World War II veterans Anthony Rand, at left, and Frank Quinlan. Photos by Jessica Steeley
BY JESSICA STEELEY
Clarkston News Staff Writer
Clarkston ninth graders learned about World War II on a more personal level last week as they listened to veterans’ first-hand accounts.
The all-day speaking event allowed students to listen to a veteran during their history class. The speakers included three World War II veterans, a veteran who served immediately after World War II, a speaker who retold his father’s WWII story, and a Rosebud who discussed women’s role in the war.
Frank Quinlan served in the Sierra Nevada mountains during the war in the U.S. Navy as a seaman first class. Though he discussed his job during the war, his primary focus was his younger brother’s story, who was a flight officer in the Royal Canadian Air Force.
Quinlan referred to his brother as his hero and relayed how he served as a top gunner in London during the war, flying on missions to bomb Germany.
Steve Himburg told students his father’s story of fighting in the Battle of the Bulge. Veteran Anthony Rand also fought in the battle near the end of the war, a last-ditch effort by the Germans. Rand described to the students how it felt being surrounded by 200,000 Germans and 1,000 of their tanks.
Luckily, he was able to jump onto a departing truck and continue through Belgium. He vividly remembers how cold it was during the battle and hearing President Roosevelt saying “Merry Christmas” over the radio of the jeep he escaped on.
Toledo was the farthest Rand had ever been from his Detroit home before the war, during which he trained in Illinois, Indiana, and California, and was stationed in England, Belgium and Paris.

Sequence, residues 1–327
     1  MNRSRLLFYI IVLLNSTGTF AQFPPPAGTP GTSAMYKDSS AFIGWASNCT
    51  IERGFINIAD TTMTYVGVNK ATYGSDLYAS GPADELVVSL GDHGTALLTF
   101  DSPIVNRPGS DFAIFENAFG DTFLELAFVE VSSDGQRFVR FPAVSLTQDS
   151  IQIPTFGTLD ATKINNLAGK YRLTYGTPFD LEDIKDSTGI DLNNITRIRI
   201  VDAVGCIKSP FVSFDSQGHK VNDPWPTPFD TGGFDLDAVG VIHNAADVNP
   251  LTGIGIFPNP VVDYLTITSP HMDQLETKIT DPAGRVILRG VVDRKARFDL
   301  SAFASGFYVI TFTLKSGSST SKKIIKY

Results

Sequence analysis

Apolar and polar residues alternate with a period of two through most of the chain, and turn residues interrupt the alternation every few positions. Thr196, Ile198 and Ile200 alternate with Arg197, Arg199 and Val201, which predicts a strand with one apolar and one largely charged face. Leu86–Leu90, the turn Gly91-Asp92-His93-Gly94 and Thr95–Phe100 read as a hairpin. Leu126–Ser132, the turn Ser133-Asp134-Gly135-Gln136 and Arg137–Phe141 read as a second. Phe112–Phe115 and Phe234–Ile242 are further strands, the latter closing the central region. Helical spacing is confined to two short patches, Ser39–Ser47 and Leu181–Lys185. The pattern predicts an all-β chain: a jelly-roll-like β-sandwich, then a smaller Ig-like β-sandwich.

Takao Kojima served in a Japanese-American unit during WWII. He was trained in Florida, where his trainer taught recruits about hand grenades by pretending to take the pin out and drop one, causing panic among the recruits.
After training Kojima was sent to France, then Italy. While his unit was travelling through Italy, they saw the bodies of the executed Benito Mussolini and his mistress.
An interesting perspective of the war was given by Stewart Newblatt, who served in the Philippines after the German and Japanese surrender, but, despite the war being over, fighting continued.
Newblatt served in the U.S. Army Criminal Investigation Division. His first mission was to bring an American deserter back from Australia. The deserter was court martialed and received 10 years in prison, despite only deserting because they wouldn’t send him back into combat. Newblatt saw this as an injustice and cites it as the reason he decided to become a lawyer after leaving the service. He eventually went on to become a U.S. federal judge.
Donnaleen Lanktree, dressed as Rosie the Riveter, presented to students throughout the day about women’s role in the war, including her mother’s, who was a “Rosie.” Her father also served in the war, fighting in the Battle of the Bulge.
Lanktree is known as a “Rosebud” because she is descended from a Rosie, her mother. As a member of the American Rosie the Riveter Association, she has collected around 5,000 Rosie’s stories over the last 10 years.
Ninth grade history teacher Laura Murray has run the veterans event the last five years, though the junior high has had a WWII event every year since it opened in 2001.
Students get to hear the speakers during the WWII units in their history classes.
“The kids really enjoy it,” Murray said. “They come back and they talk about it again and again. It’s one of the most memorable things from this school, which is kind of unique, I think, that they remember when the World War II veterans come and they want to shake their hands.”
Murray often has different speakers come in each year, which she finds by sending out emails to different veteran’s associations and sometimes students in her class have family members that served.
“It’s actually really rewarding for me because the veterans they’ll write me notes or tell me how much they enjoy it and how respectful the kids were and how special it made them feel to get invited here,” Murray said. “They feel honored to come here and were honored to have them.”